TV channel under fire for online poll on legendary Leningrad siege
A group of Duma MPs have called for a prosecutors’ probe and legislative limitation after a news channel positioned as ‘opposition’ asked its audience if Leningrad should have been surrendered to the Nazis during World War II.
The parliamentarians want the Prosecutor General’s Office to give an assessment of the moral and ethical side of the recent move by the independent TV channel Dozhd (Rain).
As the country celebrated the 70th anniversary of lifting the Nazi Blockade of Leningrad (now St. Petersburg), Dozhd, always posing as opposition-leaning and critical of the authorities, posted a poll on its website asking if the audience considered it reasonable to surrender the city to the Nazis in order to save thousands of lives.
This approach immediately caused outrage on social networks and in the mass media. That reaction prompted Dozhd to apologize and have the controversial poll removed from its site, however it was too late.
Internet users continued to decry the channel for insulting the heroic history of what is termed the Great Patriotic War, and at some point a man dressed in Soviet Army uniform raised a copy of the ‘Victory Banner’ – the red flag that was put on the Reichstag in 1945 – over the Dozhd office complex.
Politicians of all inclinations condemned Dozhd and its provocative move in statements.
MP Irina Yarovaya of centrist conservative parliamentary majority United Russia said the poll was in fact an attempt to rehabilitate Nazism.
“These things all look equally disgusting – the parades of Ukrainian neo-Nazis, the demolition of monuments to war heroes and the sly, fake and counterfeit polls,” Yarovaya told Itar-Tass. “And every time the same thing is behind these actions – the justification of Nazi crimes and the desecration of the historical memory.”
Army general, and the head of the Russian Veterans’ Union, MP Mikhail Moiseyev (United Russia) called the poll an insult to history and the betrayal of the people, and on behalf of all veterans demanded official apologies from the channel.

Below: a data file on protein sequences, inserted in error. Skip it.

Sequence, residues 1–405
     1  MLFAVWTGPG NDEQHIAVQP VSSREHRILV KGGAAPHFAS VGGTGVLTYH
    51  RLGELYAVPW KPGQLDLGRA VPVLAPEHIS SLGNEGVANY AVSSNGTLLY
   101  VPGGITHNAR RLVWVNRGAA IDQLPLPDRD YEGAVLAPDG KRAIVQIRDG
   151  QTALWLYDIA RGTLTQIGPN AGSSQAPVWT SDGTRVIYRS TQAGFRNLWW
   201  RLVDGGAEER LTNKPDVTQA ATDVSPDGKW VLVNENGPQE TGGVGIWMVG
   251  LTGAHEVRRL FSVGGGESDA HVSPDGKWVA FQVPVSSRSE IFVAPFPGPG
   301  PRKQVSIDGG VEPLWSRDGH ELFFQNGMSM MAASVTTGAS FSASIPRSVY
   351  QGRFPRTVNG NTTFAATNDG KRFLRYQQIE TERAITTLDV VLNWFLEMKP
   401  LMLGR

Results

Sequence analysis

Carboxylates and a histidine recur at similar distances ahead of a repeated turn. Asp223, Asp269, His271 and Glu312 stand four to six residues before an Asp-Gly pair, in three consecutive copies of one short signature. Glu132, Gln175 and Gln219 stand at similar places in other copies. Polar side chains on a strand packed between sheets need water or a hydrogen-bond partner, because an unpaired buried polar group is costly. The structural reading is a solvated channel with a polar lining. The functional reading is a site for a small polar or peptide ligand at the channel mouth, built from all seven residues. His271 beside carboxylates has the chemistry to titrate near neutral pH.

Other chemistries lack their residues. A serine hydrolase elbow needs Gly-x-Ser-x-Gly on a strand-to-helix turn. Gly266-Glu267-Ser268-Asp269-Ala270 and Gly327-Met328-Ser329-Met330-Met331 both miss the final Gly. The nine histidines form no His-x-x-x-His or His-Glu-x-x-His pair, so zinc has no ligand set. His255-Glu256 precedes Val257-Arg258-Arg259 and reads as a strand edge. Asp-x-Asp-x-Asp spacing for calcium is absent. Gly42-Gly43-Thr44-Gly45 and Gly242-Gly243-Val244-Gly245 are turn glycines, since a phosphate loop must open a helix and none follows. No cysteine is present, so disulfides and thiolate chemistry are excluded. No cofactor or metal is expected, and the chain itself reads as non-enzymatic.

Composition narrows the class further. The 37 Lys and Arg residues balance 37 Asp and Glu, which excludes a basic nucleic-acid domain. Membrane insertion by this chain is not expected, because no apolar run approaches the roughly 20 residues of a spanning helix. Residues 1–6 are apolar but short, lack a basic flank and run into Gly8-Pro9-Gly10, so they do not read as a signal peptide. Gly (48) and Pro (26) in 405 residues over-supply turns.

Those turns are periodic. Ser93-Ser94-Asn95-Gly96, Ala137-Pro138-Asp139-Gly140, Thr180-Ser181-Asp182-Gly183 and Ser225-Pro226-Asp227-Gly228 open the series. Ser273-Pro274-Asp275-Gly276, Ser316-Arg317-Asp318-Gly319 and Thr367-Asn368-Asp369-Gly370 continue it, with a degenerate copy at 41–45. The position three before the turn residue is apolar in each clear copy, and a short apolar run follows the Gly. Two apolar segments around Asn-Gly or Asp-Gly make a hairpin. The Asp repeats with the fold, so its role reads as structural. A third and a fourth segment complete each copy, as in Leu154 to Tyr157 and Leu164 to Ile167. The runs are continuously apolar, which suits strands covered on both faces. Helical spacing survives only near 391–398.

Another veteran, President of the Academy of Military Sciences Makhmut Gareyev, noted that the creators of the poll showed their ignorance of history, as the described choice never existed – Hitler ordered his troops to completely destroy Moscow and Leningrad and eliminate the populations of these cities.
“If Leningrad was handed over everyone would have been killed. In reality at least some of the residents survived,” the historian noted.
MP Leonid Levin of the center-left Fair Russia party said the memory of the war is one of those things where questioning is impossible.
“The victory, the country’s sovereignty, charity and religion – the nation must be united over these topics or it cannot be called a nation,” the politician noted. Levin said that the existence of such polls questions the moral and ethical competence of the Dozhd editors and managers, and urged the Russian Journalists’ Union to intervene.
Deputy head of the Russian Communist Party, Ivan Melnikov, called the channel’s attitude “absolutely shameless” and “an attempt to lift the taboos imposed at the Nurembergtrial.” He also noted that the authors of the poll did not understand that the heroism of the defenders of Leningrad did not contradict the abstract humanism, but was instead a manifestation of absolute humanism.
The high-level reaction prompted Dozhd journalists to take further steps to restore their image. The channel’s Chief Editor Mikhail Zygar issued a special address to viewers in which he said that he and all his colleagues have always condemned Nazism and opposed attempts to justify it.
He added that the wave of negative statements and reports was caused by a “political order,” for which he indirectly blamed the United Russia party.
Apart from many heated comments, the MPs also urged legislative action. In the same address in which Communists asked the prosecutors to establish the “authors and initiators” of the controversial poll, they also sought to revive the bill on criminal responsibility for the rehabilitation of Nazism.
Two different drafts of the document were prepared and submitted to the lower house in 2013, but put on hold after being rejected by the government. The critics said that the definitions used in the bill were too vague and some of its provisions duplicated existing articles of the criminal and administrative codes.